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Optimal analytical performance for poct by c g fraser

  
Optimal Analytical Performance for POCT

Article ID 1301200106
Author, Callum G Fraser
Biochemical Medicine, Tayside University Hospitals NHS Trust, Ninewells Hospital and Medical School, Dundee DD1 9SY, Scotland

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Abstract
Quality specifications for the reliability performance characteristics of laboratory tests, particularly precision and bias, are necessary prerequisites for creation and control of analytical quality. Many strategies have been promulgated for setting these. Recently, the available approaches have been fixed into a hierarchical framework that has now been agreed by experts in the field to be the best current approach to a global strategy to set quality specifications in laboratory medicine. They should be incorporated into quality planning strategies everywhere i rrespective of the settings in which laboratory medicine is practised, including POCT. Models higher in the hierarchy are preferred to lower approaches but lower approaches are better than none and should be used if all that are available.
Introduction
Every analytical method, irrespective of where it is actually performed, can be described fully in terms of its performance characteristics. These are of two types, practicability performance characteristics and reliability performance characteristics. The former include skills required, speed of analysis, volume required, and type of sample required. The latter include precision, bias, limit of detection, and measuring range. It is often suggested that, for point of care testing [POCT], considerations of speed of analysis - expressed as total turnaround time - surpass all others. However, quality specifications for the reliability performance characteristics of laboratory tests, particularly precision and bias, are absolutely necessary prerequisites for analytical quality management. Moreover, such analytical quality specifications should be firmly based upon medical requirements, useable in all laboratories irrespective of size, type or location, generated using simple to understand models, and widely accepted as cogent by professionals in the field.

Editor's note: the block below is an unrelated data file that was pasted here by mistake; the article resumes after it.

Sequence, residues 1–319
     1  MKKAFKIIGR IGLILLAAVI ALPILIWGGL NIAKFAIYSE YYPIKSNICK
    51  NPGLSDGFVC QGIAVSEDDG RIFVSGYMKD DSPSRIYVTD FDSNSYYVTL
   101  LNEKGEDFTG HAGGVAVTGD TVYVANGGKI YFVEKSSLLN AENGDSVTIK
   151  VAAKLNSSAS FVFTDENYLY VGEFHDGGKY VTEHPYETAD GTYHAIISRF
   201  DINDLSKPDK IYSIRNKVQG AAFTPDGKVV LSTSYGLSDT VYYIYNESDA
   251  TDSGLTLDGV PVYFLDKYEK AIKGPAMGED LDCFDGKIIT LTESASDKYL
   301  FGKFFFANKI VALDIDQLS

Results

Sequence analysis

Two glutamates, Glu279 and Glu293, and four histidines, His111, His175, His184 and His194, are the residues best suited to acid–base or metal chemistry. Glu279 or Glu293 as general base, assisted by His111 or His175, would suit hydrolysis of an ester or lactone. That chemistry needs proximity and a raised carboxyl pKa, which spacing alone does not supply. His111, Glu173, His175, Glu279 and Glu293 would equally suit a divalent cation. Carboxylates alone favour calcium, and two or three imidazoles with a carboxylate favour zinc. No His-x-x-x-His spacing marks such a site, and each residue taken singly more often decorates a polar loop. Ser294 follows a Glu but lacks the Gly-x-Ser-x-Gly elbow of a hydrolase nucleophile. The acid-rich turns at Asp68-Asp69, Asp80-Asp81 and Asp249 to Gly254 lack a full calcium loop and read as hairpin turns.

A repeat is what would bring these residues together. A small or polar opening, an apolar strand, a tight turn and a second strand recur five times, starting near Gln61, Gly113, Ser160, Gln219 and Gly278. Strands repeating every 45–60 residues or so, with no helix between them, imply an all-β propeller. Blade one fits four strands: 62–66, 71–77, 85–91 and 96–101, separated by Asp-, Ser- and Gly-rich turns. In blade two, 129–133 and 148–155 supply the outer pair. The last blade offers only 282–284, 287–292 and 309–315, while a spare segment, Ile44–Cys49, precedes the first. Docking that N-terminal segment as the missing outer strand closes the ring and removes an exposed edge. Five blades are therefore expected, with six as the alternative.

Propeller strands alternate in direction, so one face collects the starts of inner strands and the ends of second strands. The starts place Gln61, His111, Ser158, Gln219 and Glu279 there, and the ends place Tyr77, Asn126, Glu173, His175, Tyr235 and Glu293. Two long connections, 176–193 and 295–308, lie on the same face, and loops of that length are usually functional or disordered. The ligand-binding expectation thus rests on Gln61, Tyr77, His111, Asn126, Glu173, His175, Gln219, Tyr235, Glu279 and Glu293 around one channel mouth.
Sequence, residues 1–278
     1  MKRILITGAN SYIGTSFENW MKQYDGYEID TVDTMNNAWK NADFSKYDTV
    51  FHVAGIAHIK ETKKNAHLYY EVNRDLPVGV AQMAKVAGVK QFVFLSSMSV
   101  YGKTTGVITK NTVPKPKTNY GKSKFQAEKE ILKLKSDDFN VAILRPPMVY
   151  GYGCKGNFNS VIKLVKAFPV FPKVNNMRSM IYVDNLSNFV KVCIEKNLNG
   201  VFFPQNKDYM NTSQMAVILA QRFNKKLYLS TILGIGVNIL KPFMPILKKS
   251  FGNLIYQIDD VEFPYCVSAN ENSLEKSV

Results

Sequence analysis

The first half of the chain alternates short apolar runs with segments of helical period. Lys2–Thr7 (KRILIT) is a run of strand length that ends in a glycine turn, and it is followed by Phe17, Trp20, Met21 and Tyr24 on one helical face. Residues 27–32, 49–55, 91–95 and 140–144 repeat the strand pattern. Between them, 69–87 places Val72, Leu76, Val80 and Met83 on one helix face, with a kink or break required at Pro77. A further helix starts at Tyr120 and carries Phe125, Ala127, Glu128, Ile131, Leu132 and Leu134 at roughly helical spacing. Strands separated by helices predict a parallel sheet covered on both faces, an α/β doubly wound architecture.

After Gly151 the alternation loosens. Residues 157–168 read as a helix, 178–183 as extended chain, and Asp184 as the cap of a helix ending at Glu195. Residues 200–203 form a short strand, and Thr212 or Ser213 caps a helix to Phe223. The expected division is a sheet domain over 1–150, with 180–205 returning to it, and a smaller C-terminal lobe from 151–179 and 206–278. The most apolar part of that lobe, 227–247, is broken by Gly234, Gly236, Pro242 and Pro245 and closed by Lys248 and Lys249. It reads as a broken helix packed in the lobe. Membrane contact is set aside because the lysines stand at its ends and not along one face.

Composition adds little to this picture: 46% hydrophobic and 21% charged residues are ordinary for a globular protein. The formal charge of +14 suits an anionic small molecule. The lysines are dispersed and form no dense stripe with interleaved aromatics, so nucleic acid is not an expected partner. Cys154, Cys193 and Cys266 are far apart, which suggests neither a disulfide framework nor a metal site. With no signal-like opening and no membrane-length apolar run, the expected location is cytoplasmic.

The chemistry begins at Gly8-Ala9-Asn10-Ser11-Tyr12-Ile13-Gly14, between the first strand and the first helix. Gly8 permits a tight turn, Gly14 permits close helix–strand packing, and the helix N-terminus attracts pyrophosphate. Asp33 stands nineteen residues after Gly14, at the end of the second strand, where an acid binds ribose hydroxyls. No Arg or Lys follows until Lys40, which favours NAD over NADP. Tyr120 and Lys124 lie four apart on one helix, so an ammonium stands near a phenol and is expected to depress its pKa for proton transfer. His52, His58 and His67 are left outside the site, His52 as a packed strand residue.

Quality specifications are required in many facets of the discipline, including generating specifications for new analytical systems, assessing available literature to assist in method selection, evaluating submitted tenders, assessing data generated in method validation, and creating appropriate internal quality control and external quality assessment schemes which guarantee the specified analytical quality. A plethora of papers, reviews, and book chapters dealing with the generation and application of quality specifications has been published over time [1]. However, there still seem to be real dilemmas in deciding on appropriate quality specifications, particularly for precision and bias. Although there are many very logical reasons for this situation, a crucial recent development was that a consensus was reached in 1999 on global strategies to set quality specifications in laboratory medicine [2]. This consensus was based upon a hierarchical approach published just prior to the consensus conference [3].